A European wasp, or vespula germanica. Wikimedia Commons: Richard Bartz
Climate change is a kind of creeping death, so gradual that I almost don’t notice it. It’s there in the back of my head though, whispering to me on hot days or big weather events. Climate change, climate change, climate change.
I haven’t ever associated it with anything tangible though. I don’t live close enough to the Earth, don’t spend enough time observing the more than human to notice any incremental changes. I’ve noticed no plants or insects or animals growing in new places or behaving strangely. Until now.
I can’t remember who first mentioned the wasps. I think my ex-wife told me they had to move our son’s birthday party indoors to avoid them.
At a cafe a week later I noticed them swarming over someone’s bacon. The waiter told the customers that he’d complained to council but there’s nothing they can do. Wasps can smell food over a kilometre away and it is almost impossible to track them back to their nest.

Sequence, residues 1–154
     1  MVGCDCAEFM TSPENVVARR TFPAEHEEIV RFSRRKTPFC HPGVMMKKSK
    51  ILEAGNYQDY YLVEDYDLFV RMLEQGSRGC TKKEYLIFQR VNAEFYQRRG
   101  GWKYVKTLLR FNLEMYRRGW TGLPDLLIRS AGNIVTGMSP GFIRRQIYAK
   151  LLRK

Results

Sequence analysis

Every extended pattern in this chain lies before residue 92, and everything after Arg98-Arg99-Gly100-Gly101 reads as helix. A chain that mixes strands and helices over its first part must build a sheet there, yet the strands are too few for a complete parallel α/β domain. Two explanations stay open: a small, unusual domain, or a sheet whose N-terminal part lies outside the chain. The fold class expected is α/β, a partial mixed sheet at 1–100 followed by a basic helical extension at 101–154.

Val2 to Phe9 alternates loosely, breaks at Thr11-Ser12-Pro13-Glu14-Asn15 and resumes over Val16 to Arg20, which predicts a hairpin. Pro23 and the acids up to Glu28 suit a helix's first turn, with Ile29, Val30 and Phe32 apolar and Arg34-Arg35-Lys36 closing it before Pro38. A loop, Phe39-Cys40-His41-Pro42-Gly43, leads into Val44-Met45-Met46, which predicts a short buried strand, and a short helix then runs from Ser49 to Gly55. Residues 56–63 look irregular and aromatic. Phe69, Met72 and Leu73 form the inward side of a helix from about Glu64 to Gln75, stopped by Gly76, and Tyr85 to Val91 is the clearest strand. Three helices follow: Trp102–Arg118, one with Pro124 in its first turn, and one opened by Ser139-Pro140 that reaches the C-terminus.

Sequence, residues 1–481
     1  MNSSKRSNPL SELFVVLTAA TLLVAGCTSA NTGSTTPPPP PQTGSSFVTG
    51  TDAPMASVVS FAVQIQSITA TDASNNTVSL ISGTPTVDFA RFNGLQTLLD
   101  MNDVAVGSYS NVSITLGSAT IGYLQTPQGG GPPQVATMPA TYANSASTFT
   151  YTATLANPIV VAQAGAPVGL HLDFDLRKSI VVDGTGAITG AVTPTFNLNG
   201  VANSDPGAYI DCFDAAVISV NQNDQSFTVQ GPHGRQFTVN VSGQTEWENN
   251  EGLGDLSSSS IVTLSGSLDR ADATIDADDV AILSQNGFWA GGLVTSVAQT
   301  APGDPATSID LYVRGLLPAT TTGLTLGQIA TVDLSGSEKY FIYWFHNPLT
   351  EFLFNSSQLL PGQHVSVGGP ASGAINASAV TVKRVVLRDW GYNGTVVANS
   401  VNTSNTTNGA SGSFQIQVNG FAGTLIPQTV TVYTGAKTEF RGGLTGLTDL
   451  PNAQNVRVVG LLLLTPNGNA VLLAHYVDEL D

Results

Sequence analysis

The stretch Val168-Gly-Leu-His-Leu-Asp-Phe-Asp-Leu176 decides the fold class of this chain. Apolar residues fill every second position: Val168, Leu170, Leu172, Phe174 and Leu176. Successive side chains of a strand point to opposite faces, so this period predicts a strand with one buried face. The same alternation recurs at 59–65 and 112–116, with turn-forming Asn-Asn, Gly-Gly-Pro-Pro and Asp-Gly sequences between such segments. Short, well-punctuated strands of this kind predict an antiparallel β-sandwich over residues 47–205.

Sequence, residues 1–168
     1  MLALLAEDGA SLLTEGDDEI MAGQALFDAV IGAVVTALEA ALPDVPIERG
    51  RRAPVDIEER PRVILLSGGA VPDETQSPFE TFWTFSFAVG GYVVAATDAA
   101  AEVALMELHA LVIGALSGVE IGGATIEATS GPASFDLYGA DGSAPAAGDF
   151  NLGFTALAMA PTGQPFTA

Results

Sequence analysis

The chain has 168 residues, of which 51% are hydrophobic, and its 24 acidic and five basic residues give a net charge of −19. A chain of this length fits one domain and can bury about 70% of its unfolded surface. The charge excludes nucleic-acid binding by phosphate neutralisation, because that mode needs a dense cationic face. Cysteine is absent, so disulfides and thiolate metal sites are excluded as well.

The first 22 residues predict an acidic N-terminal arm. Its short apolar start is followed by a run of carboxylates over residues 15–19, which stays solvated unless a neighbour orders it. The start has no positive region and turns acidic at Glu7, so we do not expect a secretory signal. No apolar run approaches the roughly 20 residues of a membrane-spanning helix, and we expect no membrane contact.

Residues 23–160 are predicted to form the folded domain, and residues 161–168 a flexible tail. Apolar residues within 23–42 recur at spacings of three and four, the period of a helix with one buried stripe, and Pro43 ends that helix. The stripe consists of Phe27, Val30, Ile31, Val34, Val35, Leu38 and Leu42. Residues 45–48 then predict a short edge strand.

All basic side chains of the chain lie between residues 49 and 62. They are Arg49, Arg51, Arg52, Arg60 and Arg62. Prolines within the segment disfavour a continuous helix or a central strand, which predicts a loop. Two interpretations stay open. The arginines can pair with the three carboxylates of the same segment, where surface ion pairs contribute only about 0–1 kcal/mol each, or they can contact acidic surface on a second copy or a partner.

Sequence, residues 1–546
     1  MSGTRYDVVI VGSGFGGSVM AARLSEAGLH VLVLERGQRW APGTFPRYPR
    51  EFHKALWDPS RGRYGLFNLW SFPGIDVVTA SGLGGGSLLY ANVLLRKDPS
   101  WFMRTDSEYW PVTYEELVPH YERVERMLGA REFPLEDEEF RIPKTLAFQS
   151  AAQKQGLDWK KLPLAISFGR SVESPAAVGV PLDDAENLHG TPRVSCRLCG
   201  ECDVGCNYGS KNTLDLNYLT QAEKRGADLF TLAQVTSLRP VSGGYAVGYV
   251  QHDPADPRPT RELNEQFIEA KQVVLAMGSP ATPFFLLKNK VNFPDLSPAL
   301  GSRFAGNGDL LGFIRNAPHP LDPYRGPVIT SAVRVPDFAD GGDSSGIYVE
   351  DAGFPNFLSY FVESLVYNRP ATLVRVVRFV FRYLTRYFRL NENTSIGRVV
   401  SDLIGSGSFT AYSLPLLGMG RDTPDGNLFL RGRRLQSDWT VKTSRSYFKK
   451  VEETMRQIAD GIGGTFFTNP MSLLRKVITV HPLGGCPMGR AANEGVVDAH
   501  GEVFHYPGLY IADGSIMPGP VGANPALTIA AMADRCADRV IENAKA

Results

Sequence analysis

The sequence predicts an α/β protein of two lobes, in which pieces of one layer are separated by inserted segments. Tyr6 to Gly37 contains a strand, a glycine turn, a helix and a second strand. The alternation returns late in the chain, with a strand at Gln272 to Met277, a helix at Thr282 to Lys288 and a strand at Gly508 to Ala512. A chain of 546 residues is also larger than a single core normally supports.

On a bushwalk in Daylesford last weekend I was struck by their ever-present hum. There were so many hovering around the mainstreet I had to keep the windows closed when I drove past.
My son told me that his kinder friend’s mother had been bitten on the lip while eating bacon and his friend had been stung too. It is a fear that looms large in his small world and is no doubt shared by his friends and their parents.
Via these small moments the wasps entered my field of vision. Then I saw this article on my newsfeed. It turns out the whole of Melbourne has a wasp problem. My attention was captured by one line in particular from the entomologist:
we’ve had a mild summer and a mild winter before that
Climate change, climate change, climate change.
And so it begins.
The wasps are harbingers. Their presence fills me with dread but it’s not the sting that worries me, it’s the myriad unknown changes to come.